Around Sicily in 80 days

Combining heritage hunting, environmental advocacy and civic activism our 2000km Grand Tour was a plea for Sicilians to regain touch with their roots and for more sustainable forms of tourism. 

Around Sicily in 80 days

Combining heritage hunting, environmental advocacy and civic activism our 2000km Grand Tour was a plea for Sicilians to regain touch with their roots and for more sustainable forms of tourism. 

After many years abroad, an urge to rediscover our native island whilst advocating for more sustainable living practices turned into possibly the most ambitious travel project ever carried out in Sicily. Celebrating the two hundredth anniversary of the publication of Goethe’s ‘Italian Journey’, the itinerary was conceived in a way that would enable us to defy the common stereotypes about Sicily, elude the premiere tourist destinations and provide a unique vantage point from which Sicily could again mesmerise contemporary beholders as it did with Goethe some two centuries ago. This was Slow Sicily’s first act.

Italy leaves no trace in the soul without Sicily: Sicily is the clue to everything.
J. W. von Goethe

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ITINERARY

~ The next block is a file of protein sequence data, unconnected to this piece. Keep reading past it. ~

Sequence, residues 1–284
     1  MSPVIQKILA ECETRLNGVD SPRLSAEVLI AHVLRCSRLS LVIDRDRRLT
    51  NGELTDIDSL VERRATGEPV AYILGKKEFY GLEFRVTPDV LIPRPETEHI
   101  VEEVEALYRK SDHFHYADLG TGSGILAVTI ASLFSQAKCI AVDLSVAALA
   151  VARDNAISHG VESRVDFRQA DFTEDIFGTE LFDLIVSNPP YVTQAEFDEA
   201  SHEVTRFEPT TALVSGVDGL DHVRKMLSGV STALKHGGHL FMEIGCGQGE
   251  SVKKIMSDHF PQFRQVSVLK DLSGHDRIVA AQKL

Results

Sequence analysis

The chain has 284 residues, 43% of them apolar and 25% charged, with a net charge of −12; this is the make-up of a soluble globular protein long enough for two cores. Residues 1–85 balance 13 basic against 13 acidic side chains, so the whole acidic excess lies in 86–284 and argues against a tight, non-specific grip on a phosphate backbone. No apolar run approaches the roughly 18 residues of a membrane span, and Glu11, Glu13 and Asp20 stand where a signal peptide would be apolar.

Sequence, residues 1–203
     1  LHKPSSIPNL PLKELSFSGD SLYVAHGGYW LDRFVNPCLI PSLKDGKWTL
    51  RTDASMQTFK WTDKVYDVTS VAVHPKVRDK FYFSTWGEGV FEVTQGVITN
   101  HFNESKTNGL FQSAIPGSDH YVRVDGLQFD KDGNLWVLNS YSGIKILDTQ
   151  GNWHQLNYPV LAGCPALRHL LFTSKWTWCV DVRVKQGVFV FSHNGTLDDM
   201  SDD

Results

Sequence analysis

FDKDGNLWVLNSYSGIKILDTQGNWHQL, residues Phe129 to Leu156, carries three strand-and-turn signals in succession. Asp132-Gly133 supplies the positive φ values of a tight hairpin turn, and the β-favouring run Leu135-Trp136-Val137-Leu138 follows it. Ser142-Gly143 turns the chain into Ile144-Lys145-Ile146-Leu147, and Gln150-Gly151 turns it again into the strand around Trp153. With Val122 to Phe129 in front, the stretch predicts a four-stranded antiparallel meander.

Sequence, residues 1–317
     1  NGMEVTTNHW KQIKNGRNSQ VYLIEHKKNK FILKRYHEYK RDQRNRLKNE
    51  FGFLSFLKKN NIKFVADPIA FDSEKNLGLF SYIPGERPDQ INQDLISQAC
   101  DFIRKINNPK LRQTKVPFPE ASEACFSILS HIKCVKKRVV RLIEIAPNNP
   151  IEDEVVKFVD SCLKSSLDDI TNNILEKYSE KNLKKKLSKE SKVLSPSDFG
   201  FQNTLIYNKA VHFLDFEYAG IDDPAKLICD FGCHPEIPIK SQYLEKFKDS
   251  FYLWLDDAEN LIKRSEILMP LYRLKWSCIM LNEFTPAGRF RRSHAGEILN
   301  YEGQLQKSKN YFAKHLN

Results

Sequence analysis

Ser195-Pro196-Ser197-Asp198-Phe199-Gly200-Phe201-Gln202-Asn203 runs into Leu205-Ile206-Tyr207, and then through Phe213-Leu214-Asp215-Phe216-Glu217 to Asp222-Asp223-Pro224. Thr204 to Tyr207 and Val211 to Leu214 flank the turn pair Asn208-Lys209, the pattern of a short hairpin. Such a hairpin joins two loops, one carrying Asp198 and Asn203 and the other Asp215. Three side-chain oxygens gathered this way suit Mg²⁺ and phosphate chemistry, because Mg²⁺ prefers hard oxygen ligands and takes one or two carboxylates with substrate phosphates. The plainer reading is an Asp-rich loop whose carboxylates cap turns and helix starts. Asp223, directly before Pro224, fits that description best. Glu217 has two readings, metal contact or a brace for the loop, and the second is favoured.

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From century-old olive groves of Ficarra to the black pigs at the Borrello farm, preserving food traditions and biodiversity is paramount in Sicily.…

Cycling in Sicily from Montalbano Elicona's medieval castle via Floresta with its basket weaver to the seed bank in Ucria to the olive groves of Ficarra.…

Nestled on the Peloritani mountains in northeast Sicily, Novara di Sicilia is home to the maiorchino cheese and a functioning 600-years old water mill.…

HOW IT ALL STARTED

Born in Messina, I left Sicily before even becoming of age to attend boarding school in England. Over a decade went by before I decided to return, having quit my corporate job overseas and undergoing a deep ‘quarter-life crisis’. Drawn by this personal search to my father’s home town, Cesarò, perched on the Nebrodi Mountains in the north-east of Sicily, one day I found himself in the small town’s bar. The owner, a 93 year old woman, was staring at me insistently from behind the bar. “Who do you belong to?” she inquired, in the local dialect.

Personal identity, for her generation, was tantamount to ‘belonging’ to a family. And though she had never seen me before, she was able to recognise my father, who had grown up in the town, in my features. What she could not possibly divine, was that her question would cut right across me, exposing me to how little, after all my travels, I really knew about my family, my origins, my native land. Could filling that knowledge gap bring me closer to an understanding of what the old woman, incredibly, seemed to know – namely, who I really am?

Hoping to regain a sense of belonging, to find a meaningful connection with my own roots in an increasingly fast and globalised world, I prepared to embark on a journey of both discovery and introspection with my closest friend and long-time travel companion, Marco Crupi.